This mystery we humans are is always elusive. We approach it when we recognize that one-self or another has a mean streak. The phrase lacks scientific accuracy, yet its deeper accuracy satisfies: a person—self or another—is in the grip of that which is not friendly, not life-giving. A mean streak distorts personality. This is our language, and we are satisfied it communicates truth. Operations don’t remove mean streaks; they are not physical, yet we know they are real. The intervention of another delivers us with an offer of healthy life if we cooperate with the offer.

This may help us turn to the gospel. Jesus confidently spoke of God. His confidence and his expression—teaching of God & God’s desire—was attractive. His hearers noted Jesus had an authentic feel the scholars of the Mosaic law did not. The difference they noted between scribes and Jesus beckoned more; they were astonished. At a deeper level of self, deeper  than obvious knowing they were moved, stirred, excited, inspired, awakened. Would they move with that interior invitation or would they resist?

Resistance was in their midst. Resistance, opposition to all that was life-giving, to God: among them was one with an unclean spirit; he cried out, “What have you to do with us, Jesus of Nazareth? Have you come to destroy us? I know who you are—the Holy One of God!” The stakes there were not only human; they involved the divine:  the Holy One of God and spirits opposed to God.

Unclean spirit was the language of Jesus’ contemporaries. They recognized one can be in the grip of power opposed to God. It was more than human, more than a mean streak. Greater than human intervention could deliver the one in their synagogue; and Jesus delivered the person!

Again the question applied: Would they move with that interior invitation or would they resist? Would they accept the invitation Jesus voiced? To trust that God is hear now, for me, is not identical to spreading the news of what Jesus did for another.

That difference rests in two convictions: God cannot possibly be here; and God is truly here. ‘God cannot be here,’ flows from a closed self, a hardened heart in the Psalmist’s phrase; one refuses to be delivered by God to true life. An open self, a healed, supple, converted heart allows one to echo Jesus, God is truly here. We grow aware that what Jesus has…to do with us is to deliver us, free us from resisting to let him create us to be our true selves. Returning often to being astonished at Jesus’ desire for us is how we let down our defences and let Jesus in.

In your daily 15 minutes with Jesus this week
  • Pause in the company of our triune God creating us each moment.
  • Ask Mary and the communion of saints to present us to Jesus.
  • Chat with him: praise him for becoming human for us; thank him for revealing God’s welcome and constant care.
  • Ask Jesus for grace to reorient ourselves and open our hearts to him.
  • Close saying slowing the Lord’s Prayer. His words, thy will be done, reassure that God desires great things for us and all people.

Link to this homily’s Spiritual Exercise

Saturday, January 27, 2018

Saturday word, 27 Jan 18

Third Saturday of the Year (27 Jan 2018)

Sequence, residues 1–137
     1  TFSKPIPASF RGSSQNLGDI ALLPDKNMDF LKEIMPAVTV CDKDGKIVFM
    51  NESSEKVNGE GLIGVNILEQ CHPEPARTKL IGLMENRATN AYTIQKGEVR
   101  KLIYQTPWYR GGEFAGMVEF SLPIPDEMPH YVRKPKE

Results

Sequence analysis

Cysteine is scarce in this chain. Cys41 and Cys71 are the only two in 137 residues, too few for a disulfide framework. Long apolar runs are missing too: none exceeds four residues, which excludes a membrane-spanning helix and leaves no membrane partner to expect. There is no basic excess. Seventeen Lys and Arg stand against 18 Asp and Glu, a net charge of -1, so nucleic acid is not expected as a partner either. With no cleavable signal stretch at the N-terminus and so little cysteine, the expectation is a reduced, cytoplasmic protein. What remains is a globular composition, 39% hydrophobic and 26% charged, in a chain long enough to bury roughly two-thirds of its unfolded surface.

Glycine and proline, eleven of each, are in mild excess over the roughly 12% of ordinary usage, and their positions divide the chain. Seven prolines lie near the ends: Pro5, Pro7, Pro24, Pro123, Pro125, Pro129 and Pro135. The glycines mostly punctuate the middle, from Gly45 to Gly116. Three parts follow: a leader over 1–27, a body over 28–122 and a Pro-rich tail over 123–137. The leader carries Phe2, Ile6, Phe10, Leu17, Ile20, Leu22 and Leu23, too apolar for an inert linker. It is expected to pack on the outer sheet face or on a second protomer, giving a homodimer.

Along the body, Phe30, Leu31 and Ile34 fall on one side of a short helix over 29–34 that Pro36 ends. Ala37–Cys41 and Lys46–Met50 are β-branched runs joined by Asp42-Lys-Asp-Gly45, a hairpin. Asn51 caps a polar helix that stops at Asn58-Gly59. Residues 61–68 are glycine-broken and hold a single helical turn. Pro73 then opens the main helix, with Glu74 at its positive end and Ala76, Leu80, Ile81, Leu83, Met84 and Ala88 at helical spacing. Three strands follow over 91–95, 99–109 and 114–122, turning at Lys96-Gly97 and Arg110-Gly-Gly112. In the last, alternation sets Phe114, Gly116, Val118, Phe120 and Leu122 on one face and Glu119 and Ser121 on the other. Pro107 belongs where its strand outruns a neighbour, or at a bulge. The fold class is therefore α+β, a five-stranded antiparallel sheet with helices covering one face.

Homily of Fr. Paul Panaretos, S.J. on 8-day, Directed Retreat
Commitment of the Heart
A scripture-snippet may become one’s prayer during retreat. Even outside retreat hearing snippets of scripture allows us to mull over what we hear and apply it to ourselves. A snippet may be a detail that at first glance seems insignificant. Some details help us appreciate Jesus and others in scripture on the way to appreciating ourselves. Just as he was is a detail today: [the disciples] took Jesus with them in the boat just as he was.

Over 3 days at mass we heard Jesus embark on his parable-teaching. What we heard over 3 days together describe a single day in Jesus’ ministry. Jesus was in a boat moored at the shore for much of it. He continued to teach the Twelve and those with them until evening. After a day of preaching then coaching the Twelve came the detail just as he was. It suggests tired, hungry, a bit smelling of fish and maybe damp.

Just as he was is no throwaway line. It helps us appreciate Jesus asleep. It helps us appreciate the disciples afraid: of the violent squall; the wind and sea; that Jesus was oblivious to them; and in awe when Jesus stilled wind and sea. They did not yet know Jesus: Who then is this whom even wind and sea obey? By this episode one would expect that they would know him. The reason readers of the gospel would expect that? Because the beginning of the gospel presented Jesus as the son of God.

As the gospel unfolded the human Jesus was a spiritual force demonic spirits recognized; with a word Jesus dealt with them. The disciples had witnessed Jesus confront demonic spirits. That day in the boat Jesus commanded the elements the same way, but the disciples didn’t know Jesus: Who then is this whom even wind and sea obey? Jesus’ question to them is a refresher for us: Why are you terrified? Do you not yet have faith?

Fear and faith: they are not enemies. Fear lets us realize faith is not about abstract ideas; it involves feelings. Fear is an unpleasant emotion that stirs when we feel for our safety and well-being. Faith is also felt: it is commitment of the heart. Faith grasps the mystery of Jesus who is life-giving spiritual power in flesh and blood.